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David Male
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With few eye dice in the hunt box, the SP can still improve his search considerably, by using the pursuit tactic. An orc and nazgul pursue the ring-bearers South using a 1/2 army dice and getting two rerolls each time. (There is a post on this tactic, in the strategy folder - in pursuit of the ring). This levels things up considerably, especially if used in conjuction with cards that hurt the fellowship. I would be very reluctant as FP to peel off too many companions too soon, as it is likely to prove fatal against a good SP player.

Incidentally, I have played about 30 games with roughly equal wins to each side, and almost always a cliff-hanger ending, with the ring poised within 1 or 2 spaces of mount doom, corruption hovering around 10pts, and the SP straining all efforts for the last stronghold needed to win. - a wonderful game.
 
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Isley
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I will say that the expansion really does help the free peoples. I don't normally play against seasoned shadow players (and I'm not too seasoned myself), but I'd say it's pretty even with the expansion (maybe even a FP edge).
 
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Mike Compton
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I played against the Galadriel expansion player in my first play and it gave an edge to the forces of good that I felt as I played the Sauron side.

Overall, my first playing of the game the other day was not a great experience. Granted, the components are good (as nobody seems to be debating in the various forums I've read) but the figures are a bit too big for the board - the counter chips notwithstanding - and the size of the board notwithstanding.

The theme of the game is very well reinforced (the hunt for the ring mechanic, the moving of the fellowship mechanic, the fact that a good portion of the action naturally takes place at Gondor, the "mustering" of the various nations, etc.)

However, my experience with War of the Ring was, at best, "okay". It wasn't great. If anything it was just "okay" and my problems with the game are as follows:

-It seems that large portions of the board are not realistically useful. Granted, if I play as Sauron, I could try to bring troops all the way across several regions of the board and make some things happen but it takes so many action dice movements to get troops from one place to another that it seems to me most of the board will of necessity go unused in any particular game of War of the Ring in the interest of playing efficiently and that this will hold true for either side. In other words, only a few hot spots will see action and most of the other pieces will just sit in their original spots (the Nazgul being the exception) simply because it isn't practical or efficient. I'm open to others pointing out to me how this isn't true but this is how the game appears to me. That's not to say that the same portions of the board will always go unused - just that it seems that a large portion of the board will go unused on any given play of the game.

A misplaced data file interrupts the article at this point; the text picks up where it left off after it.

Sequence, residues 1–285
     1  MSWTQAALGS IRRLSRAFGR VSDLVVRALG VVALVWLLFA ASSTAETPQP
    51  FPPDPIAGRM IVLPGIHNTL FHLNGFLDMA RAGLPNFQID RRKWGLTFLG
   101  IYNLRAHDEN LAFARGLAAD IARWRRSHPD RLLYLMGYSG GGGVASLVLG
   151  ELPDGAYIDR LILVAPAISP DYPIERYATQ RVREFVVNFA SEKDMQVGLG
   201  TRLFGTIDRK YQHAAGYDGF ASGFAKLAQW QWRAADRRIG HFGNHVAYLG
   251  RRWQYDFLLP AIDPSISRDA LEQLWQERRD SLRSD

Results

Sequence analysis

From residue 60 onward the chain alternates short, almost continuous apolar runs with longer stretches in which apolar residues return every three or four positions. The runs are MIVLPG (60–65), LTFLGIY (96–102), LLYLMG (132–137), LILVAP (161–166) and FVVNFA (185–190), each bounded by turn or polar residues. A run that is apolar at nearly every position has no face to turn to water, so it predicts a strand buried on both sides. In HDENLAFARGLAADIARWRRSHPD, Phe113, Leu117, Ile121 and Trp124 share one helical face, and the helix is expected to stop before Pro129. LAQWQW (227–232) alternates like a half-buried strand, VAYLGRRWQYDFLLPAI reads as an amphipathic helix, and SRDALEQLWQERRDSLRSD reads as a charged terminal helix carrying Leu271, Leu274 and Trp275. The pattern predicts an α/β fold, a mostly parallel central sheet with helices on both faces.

-It also seems that most of the cards are so situationally specific that the most fulfilling use of each (i.e. the top portion of the card and not the bottom) can only be accomodated if a person is allowed to hold on to a card for a long time - which isn't permitted by the "hand limit of 6" rule. I know some people will say that it is perhaps a more realistic game with the hand limit in place and that it forces more choices but I personally think the game would be more exciting if more cards could be played to their fullest extent - which brings me to my primary complaint about the game:

For all of the rules, the components, the action dice, the cards, the political track, the different nations, etc., and in spite of the length of the game I played (about 3 hours - which, I know, isn't long in wargame terms but still 3 hours is 3 hours), I was left with the impression that not much really happened. Metaphorically speaking, it's as if the game had 10 aspects that each had lots of potential for making the game great but the actual play the game creates a situation where only, at most, 3 of those 10 aspects are realistically accessed on any one particular play of the game if a player plays efficiently (i.e. tries to win and not just to see what happens when they do x, y, or z).

Bottom line: lots of potential for payoff but actual payoff is very low in proportion to the potential the mechanics have for fun and the time invested in playing the game.